In this study, a transient multiphase simulator has been used to characterize the fluid-hammer effects of well shut-in and start-up on the coupled subsurface and surface systems. The original work was performed by applying sensitivity analysis on a typical production system that includes well completion, wellbore, downhole equipment like packer etc., and the associated surface equipment like flowline, riser and valves. The data used in the study was taken from the published literature to summarize the general course of key factors that worsen the fluid-hammer effects. Fluid-hammer is also known as water hammer, a shock wave produced by the sudden stoppage or reduction in fluid flow.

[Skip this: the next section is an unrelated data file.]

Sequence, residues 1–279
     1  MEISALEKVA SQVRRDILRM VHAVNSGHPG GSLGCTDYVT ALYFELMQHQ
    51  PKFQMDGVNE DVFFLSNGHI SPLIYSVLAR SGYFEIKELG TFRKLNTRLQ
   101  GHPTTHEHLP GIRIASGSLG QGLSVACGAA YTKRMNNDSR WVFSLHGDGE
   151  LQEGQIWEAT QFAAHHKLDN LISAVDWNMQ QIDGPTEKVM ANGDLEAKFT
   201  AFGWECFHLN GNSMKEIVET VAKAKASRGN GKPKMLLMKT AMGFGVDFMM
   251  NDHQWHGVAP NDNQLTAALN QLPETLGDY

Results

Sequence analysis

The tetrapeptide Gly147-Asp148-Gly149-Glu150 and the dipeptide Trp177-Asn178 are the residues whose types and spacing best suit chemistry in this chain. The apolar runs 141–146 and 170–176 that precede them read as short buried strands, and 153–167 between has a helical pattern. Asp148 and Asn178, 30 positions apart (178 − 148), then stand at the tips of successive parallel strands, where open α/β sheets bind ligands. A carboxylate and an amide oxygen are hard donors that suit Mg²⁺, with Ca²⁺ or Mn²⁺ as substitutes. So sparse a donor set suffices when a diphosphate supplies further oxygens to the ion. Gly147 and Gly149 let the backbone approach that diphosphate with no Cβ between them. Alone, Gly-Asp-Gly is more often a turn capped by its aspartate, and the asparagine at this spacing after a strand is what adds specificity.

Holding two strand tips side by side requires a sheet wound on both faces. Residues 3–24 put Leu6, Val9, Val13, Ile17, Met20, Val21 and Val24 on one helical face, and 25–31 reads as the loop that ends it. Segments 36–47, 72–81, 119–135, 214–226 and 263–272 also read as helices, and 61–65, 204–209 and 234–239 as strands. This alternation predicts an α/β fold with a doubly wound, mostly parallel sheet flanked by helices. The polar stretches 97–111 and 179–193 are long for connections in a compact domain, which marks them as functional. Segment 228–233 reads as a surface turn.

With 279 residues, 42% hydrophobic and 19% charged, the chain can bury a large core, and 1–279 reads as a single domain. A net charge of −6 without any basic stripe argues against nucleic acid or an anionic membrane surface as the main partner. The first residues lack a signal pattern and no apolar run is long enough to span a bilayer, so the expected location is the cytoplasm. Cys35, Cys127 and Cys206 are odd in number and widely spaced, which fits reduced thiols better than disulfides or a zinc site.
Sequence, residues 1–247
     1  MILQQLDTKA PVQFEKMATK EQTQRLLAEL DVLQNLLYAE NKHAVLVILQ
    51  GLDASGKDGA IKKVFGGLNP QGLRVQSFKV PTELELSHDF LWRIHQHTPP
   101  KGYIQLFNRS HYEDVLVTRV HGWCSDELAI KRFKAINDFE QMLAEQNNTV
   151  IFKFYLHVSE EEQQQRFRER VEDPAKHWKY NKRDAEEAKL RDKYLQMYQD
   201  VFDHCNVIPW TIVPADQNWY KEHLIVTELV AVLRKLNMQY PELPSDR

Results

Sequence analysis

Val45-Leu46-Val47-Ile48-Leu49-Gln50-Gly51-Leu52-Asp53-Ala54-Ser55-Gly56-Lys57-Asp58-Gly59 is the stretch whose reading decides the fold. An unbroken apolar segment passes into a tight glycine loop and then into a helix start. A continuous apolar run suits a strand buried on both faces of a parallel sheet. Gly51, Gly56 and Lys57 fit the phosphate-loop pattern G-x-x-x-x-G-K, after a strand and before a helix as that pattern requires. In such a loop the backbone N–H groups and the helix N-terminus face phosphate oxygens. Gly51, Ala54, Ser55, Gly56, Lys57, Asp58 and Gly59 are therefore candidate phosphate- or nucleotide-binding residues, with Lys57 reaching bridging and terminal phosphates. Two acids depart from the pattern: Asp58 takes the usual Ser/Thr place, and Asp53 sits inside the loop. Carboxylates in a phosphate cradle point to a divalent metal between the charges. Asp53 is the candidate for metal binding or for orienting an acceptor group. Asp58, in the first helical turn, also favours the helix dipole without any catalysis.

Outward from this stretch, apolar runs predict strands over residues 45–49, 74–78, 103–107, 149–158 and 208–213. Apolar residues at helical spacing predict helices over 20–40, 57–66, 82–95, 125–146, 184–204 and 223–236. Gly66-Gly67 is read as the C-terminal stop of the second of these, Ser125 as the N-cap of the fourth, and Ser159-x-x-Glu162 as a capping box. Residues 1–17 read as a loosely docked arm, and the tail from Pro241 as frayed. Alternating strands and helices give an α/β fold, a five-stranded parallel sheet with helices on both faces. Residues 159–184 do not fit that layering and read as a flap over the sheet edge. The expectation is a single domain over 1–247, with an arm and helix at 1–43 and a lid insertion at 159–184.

Field operations such as pressure transient analysis, facility maintenance and workover require well shut-in process. For a typical production system, the resulted sudden rises in pressure can be critical because it has direct impact on equipment including unsetting of packer and may also cause possible damages to instrumentations. This paper provides estimates of the typical ratio of transient shock in pressure and flowrate over pre-condition values, and the duration of such pressure shocks. It also proposes the best location of the shut-in valve and the length of flowline to reduce the fluid-hammer effects.
This is a pioneering approach to integrated multiphase flow modeling of transient fluid-hammer effects, targeting flow assurance issues. This approach also can be applied to surface facility design and served as a guidance in field operation to avoid hydrocarbon leaks.
Zaini, Muhamad Zaki (Schlumberger WTA Malaysia S/B) | Rivero Colmenares, Maria Elba (Schlumberger) | Sepulveda, Willem (Schlumberger WTA Malaysia S/B) | Salim, Muzahidin Muhamed (Petronas Carigali Sdn Bhd) | Bela, Sunanda Magna (Petronas Carigali Sdn. Bhd.)